A former deputy Finance Minister Cassiel Ato Forson has criticised government for its decision to broaden and increase the country’s communication service tax (CST), popularly referred to as talk tax, by 50 per cent.
Introduced in 2008 at an ad valorem rate of six per cent, the Finance Minister Ken Ofori-Atta announced Monday during the 2019 mid-year review budget that the government intends to increase the tax to nine per cent.
The tax is levied on charges payable by consumers for the use of communication services.
The increment, the minister explained, is to develop the foundation for the creation of a viable technology ecosystem in the country, but said the increment will be earmarked in a manner that will ensure the national youth employment programme receives exactly what it currently receives.
But Mr Forson while commenting on the proposal by the finance Minister in the 2019 mid-year review budget, described as sad, the government’s move increase the tax.
“It is sad for the government to increase the communication service tax by 50 per cent. They said that they are not only increasing the communication service tax by 50 per cent but also broaden it to include all services they [telcos] provide”.
That, he said, simply means the government will tax not only voice but data services once the minister’s proposal is approved by parliament.
“They are going to tax data, they’re now going to tax WhatsApp because you use data for Whatsapp, They’re going to tax Facebook… tax Instagram and twitter and that’s going to give cumulative revenue of about 115 million cedis for the last half of the year,” he claimed.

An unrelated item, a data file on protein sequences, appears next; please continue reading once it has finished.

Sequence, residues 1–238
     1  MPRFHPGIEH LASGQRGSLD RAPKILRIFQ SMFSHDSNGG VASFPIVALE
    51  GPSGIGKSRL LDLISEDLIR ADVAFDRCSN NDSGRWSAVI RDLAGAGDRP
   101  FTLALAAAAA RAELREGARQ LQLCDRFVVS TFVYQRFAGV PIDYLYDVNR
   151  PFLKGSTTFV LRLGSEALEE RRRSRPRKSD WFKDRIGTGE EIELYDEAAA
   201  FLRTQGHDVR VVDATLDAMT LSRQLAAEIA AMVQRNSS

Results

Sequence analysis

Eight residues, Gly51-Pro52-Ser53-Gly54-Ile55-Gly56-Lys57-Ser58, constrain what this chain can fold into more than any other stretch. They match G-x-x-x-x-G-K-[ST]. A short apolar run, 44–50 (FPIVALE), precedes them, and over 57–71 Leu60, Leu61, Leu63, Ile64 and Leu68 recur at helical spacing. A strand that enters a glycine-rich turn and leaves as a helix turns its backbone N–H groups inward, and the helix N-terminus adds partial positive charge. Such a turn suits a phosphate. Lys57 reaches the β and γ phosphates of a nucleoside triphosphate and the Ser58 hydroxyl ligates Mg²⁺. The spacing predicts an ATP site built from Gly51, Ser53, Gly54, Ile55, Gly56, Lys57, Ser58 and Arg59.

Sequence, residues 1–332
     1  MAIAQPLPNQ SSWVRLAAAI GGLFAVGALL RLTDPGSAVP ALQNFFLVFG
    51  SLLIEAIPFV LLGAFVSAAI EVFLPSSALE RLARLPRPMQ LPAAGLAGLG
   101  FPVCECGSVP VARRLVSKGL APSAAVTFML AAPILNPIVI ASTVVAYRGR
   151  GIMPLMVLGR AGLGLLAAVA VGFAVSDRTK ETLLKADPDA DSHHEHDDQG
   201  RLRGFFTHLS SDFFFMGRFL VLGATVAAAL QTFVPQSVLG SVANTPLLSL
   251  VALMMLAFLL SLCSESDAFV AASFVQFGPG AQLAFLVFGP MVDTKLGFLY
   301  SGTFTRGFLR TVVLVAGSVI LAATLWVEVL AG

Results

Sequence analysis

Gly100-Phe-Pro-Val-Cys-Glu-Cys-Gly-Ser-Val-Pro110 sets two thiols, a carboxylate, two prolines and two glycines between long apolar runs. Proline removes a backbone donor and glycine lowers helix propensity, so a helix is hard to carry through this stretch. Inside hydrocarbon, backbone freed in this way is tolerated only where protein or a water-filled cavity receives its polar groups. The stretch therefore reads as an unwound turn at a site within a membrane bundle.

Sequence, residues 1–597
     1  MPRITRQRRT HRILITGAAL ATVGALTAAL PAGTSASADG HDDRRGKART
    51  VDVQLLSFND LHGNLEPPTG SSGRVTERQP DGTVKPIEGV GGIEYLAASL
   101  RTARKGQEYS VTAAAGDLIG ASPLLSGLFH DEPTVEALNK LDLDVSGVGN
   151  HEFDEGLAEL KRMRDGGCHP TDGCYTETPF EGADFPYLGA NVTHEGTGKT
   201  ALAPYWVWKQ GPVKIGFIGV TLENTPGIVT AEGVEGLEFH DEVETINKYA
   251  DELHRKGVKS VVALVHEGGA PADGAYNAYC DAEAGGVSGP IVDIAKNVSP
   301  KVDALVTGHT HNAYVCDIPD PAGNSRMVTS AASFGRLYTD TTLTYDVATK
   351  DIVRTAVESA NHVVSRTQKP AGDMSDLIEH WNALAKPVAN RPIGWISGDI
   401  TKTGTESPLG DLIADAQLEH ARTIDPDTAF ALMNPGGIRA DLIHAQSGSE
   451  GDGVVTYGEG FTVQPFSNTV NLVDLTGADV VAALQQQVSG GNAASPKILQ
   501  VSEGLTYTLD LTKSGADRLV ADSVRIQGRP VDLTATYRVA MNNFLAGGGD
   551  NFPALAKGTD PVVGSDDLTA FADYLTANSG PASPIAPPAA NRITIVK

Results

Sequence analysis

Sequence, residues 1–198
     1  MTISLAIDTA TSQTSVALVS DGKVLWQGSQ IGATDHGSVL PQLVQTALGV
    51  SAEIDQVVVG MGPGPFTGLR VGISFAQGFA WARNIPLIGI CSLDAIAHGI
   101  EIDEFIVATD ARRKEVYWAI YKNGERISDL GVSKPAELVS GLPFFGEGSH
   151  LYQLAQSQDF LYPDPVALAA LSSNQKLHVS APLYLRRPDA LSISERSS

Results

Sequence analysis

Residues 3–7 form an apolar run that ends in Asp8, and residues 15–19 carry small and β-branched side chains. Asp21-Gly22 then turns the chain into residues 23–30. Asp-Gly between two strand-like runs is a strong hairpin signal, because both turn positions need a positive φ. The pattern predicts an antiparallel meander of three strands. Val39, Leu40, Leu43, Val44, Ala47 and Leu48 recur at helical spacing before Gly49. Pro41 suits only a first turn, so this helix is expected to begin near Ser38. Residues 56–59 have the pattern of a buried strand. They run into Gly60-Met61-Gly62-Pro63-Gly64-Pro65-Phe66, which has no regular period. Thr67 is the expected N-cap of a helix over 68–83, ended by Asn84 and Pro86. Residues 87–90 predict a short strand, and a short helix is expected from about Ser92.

Fuel prices to go up?
On the upward review of the energy sector levy, the former deputy minister under the John Mahama administration said the review will see prices of petroleum products to go up.
Mr. Ofori-Atta had told parliament government has proposed an upward adjustment in the Road Fund Levy, the Energy Debt Recovery Levy; and the Price Stabilisation and Recovery Levy to bring the ratios close to twenty-one percent to help bridge the financing requirements
“That is really sad because we all know that if you’re to increase fuel products, the impact is across the economy; it affects even the food sector, it affects lorry fares,” Mr Forson said.
“We can comfortably say petrol is going to go up by about 90 pesewas to one cedi, diesel is going to go up by about 90 pesewas to about 1 cedi. LPG is going to go up by about 1.40 cedis. I think it is a bit too much,” he added.
Meanwhile, Mr Forson said the mid-year supplementary budget presented by the government means it intends to borrow more and spend more, indicating that it will increase the country’s debt by 3.6 billion.
By Stephen Kwabena Effah|3news.com|Ghana